Renewable energy company Drax Group is kickstarting the planning process to build a new underground pumped storage hydro power station – more than doubling the electricity generating capacity at its Cruachan facility in Scotland.
The project plan was announced as the UK prepares to host the COP26 climate conference in Glasgow. The proposed expansion of the hydro power station will support almost 900 jobs in rural areas across Scotland during construction and will provide critical storage capacity needed to support a net zero power system.
Pumped storage hydro is a critical technology which enables more renewable power and supports Scotland’s electricity system, helping the country move towards its target of reaching net zero by 2045, five years before the rest of the UK.
Will Gardiner, Drax Group chief executive officer, said:
“This is an exciting and important project which underlines Drax’s commitment to tackling the climate crisis and supporting the energy system as it continues to decarbonise. Our plans to expand Cruachan will unlock more renewable electricity to power homes and businesses across the country, and support hundreds of new jobs in rural Scotland.
Last year, the UK’s lack of energy storage capacity meant wind farms had to be paid to turn off and we lost out on enough renewable power to supply a million homes. We need to stop renewable power from going to waste by storing it, and Drax is ready to move mountains to do just that.”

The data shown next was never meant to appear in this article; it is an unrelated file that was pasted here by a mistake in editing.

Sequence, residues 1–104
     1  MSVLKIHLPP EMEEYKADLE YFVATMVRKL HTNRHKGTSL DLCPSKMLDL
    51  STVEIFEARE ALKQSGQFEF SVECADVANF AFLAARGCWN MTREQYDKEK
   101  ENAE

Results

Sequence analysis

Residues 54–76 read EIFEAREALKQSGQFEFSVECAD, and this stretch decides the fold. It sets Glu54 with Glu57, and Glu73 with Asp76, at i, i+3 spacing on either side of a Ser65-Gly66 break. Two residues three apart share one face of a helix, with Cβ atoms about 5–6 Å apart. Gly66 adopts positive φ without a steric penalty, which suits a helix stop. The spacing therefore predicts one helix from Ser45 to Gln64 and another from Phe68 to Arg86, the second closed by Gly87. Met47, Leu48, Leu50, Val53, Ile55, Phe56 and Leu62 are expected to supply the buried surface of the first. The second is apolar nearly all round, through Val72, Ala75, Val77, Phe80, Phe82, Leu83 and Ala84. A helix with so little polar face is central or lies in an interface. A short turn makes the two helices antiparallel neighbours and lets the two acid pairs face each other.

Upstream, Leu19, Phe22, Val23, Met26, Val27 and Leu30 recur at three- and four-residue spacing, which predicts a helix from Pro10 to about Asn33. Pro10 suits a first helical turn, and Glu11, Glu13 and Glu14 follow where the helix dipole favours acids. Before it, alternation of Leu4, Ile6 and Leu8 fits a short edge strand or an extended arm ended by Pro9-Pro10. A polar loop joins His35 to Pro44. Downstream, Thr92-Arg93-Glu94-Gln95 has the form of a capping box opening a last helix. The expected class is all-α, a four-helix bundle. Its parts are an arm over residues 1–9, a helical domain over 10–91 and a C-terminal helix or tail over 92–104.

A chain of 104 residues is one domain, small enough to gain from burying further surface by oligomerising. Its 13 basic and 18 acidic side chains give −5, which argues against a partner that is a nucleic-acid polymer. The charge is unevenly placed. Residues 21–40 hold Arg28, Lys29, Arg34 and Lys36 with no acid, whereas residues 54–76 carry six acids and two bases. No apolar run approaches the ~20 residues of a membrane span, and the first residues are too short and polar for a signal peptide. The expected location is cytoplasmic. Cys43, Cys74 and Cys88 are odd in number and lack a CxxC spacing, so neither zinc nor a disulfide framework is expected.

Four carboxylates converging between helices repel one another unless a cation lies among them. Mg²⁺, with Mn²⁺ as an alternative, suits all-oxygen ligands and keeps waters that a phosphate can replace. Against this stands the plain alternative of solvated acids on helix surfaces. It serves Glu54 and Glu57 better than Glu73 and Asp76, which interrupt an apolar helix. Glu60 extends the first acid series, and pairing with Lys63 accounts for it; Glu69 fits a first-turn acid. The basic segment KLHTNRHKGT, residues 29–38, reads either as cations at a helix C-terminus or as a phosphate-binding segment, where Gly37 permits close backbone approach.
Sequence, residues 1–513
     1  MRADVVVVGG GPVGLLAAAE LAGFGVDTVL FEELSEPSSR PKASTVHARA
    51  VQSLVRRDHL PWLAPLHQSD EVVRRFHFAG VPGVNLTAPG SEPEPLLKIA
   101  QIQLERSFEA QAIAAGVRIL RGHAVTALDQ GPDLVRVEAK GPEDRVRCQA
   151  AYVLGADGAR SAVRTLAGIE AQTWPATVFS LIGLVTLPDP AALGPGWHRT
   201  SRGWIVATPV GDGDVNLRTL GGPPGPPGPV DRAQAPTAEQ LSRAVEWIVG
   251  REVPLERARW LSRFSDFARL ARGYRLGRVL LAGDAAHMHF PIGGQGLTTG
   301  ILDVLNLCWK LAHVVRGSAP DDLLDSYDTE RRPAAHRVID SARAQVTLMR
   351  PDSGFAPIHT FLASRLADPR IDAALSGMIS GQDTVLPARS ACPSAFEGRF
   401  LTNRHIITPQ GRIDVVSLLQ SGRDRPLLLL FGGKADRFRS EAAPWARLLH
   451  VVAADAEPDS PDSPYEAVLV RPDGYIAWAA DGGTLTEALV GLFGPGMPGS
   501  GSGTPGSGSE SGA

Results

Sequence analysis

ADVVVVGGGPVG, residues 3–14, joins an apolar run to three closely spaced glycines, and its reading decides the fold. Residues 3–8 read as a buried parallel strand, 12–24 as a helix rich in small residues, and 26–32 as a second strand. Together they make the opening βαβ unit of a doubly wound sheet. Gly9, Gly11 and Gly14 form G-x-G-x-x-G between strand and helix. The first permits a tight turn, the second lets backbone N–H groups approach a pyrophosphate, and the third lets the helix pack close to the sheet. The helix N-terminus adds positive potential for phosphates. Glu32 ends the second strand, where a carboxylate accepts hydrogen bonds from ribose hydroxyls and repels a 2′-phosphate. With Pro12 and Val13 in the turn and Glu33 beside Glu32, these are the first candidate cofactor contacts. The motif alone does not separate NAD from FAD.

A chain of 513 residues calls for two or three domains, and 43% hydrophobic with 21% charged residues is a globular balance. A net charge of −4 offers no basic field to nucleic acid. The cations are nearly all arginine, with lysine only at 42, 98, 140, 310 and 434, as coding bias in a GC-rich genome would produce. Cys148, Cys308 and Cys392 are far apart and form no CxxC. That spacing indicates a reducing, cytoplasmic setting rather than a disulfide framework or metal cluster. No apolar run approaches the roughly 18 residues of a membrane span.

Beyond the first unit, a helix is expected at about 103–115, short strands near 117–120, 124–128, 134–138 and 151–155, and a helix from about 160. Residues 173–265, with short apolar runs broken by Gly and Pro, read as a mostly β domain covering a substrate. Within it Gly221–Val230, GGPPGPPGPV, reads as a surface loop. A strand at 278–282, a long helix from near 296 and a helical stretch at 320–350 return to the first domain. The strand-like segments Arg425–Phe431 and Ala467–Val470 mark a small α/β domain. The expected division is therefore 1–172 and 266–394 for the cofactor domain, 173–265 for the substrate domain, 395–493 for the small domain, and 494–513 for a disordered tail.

The 600MW power station will be located inside Ben Cruachan – Argyll’s highest mountain – and increase the site’s total capacity to 1.04GW. The new power station would be built within a new, hollowed-out cavern which would be large enough to fit Big Ben on its side, to the east of Drax’s existing 440MW pumped storage hydro station. More than a million tonnes of rock would be excavated to create the cavern and other parts of the power station. The existing upper reservoir, which can hold 2.4 billion gallons of water, has the capacity to serve both power stations. Work on the new pumped storage hydro power station could begin as soon as 2024.
Like Drax’s existing site, the new station will be able to provide lifeline stability services to the power system alongside acting like a giant water battery. By using reversible turbines to pump water from Loch Awe to the upper reservoir on the mountainside, the station can store power from wind farms when supply outstrips demand.
The stored water would then be released back through the turbines to generate power quickly and reliably when demand increases. This will help to cut energy costs by reducing the need for wind farms to be paid to turn off when they are generating excess power. The new station would have the capacity to generate enough power for around a million homes.